Relay: DPCO..?

Discussion in 'The Projects Forum' started by crankler, Dec 16, 2010.

  1. crankler

    Thread Starter New Member

    Dec 14, 2010
    19
    0
    I wanted to ask how DPCO (double pole change over) relay is operated. From what I've read, it's also called DPTT (Double Pole Triple Throw). It's amazing that with a very small size and coil voltage rating of only 5Vdc, it can switch loads of up to 250Vac and 150watts according to the datasheets. It just seem impossible to me knowing that most SPDT and DPDT relays of the same coil rating can't do it.

    So i wanna ask if with those given ratings, it can be used to simultaneously switch 2 electric fans, 220V 60watts each?

    Another question: How is it operated/used? There are 3 contacts for 1 pole. With 1 contact normally closed, how can i switch the wiper to the 2nd contact? to the 3rd contact?

    ...thnx..
     
  2. KMoffett

    AAC Fanatic!

    Dec 19, 2007
    2,574
    230
    Can you link to a reference? I think you're confused by the terminology. From a Google search for: DPCO relay

    http://www.kpsec.freeuk.com/components/relay.htm

    DPCO is a DPDT relay.

    Ken
     
  3. crankler

    Thread Starter New Member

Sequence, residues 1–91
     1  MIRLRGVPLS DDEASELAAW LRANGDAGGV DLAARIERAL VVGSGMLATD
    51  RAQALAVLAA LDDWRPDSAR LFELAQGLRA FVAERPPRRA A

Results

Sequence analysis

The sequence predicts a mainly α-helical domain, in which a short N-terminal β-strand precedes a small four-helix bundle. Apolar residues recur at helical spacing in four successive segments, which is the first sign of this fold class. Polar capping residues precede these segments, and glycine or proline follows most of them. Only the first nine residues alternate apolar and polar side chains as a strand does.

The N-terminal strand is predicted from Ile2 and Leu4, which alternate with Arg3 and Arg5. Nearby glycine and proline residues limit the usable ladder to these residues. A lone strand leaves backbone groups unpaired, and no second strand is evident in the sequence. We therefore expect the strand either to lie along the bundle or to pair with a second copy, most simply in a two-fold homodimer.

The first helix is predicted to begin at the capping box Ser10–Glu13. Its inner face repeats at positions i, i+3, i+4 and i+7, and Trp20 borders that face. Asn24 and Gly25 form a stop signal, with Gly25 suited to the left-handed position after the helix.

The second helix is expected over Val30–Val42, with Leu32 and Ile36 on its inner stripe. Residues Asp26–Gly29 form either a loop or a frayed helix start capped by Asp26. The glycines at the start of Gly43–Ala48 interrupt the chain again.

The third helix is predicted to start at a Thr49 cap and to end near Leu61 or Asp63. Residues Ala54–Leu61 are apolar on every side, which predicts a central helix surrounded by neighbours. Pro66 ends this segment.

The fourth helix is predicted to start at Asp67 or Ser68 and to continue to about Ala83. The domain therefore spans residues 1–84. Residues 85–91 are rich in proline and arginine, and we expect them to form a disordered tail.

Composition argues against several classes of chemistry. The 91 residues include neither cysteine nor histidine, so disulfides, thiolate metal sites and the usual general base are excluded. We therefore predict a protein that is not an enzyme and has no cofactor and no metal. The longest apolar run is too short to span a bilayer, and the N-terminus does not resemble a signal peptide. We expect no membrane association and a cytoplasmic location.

Dec 14, 2010
    19
    0
    Looks like you're right. I just got confused with the terms.

    Thnx!
     
  4. CDRIVE

    Senior Member

    Jul 1, 2008
    2,223
    99
    The current that relay contacts can handle are more related to coil current than coil voltage. Imagine these two scenarios. Two relays with a coil rating of 5V. One of these relays is the size of a sugar cube and the other is the size of a brick. The sugar cube relay contacts can handle 5A max and the coil draws current in the mA region. The brick relay, on the other hand, has contacts rated at 500 Amps. The massiveness of this relay would dictate that the coil would have to be powerful. This in turn would dictate that the coil would draw far more current than the sugar cube relay, probably in excess of 5 Amps. As an example, a starter motor solenoid coil, which is actually a relay, pulls quite a bit of current. It has massive contacts and a very heavy spring,
     
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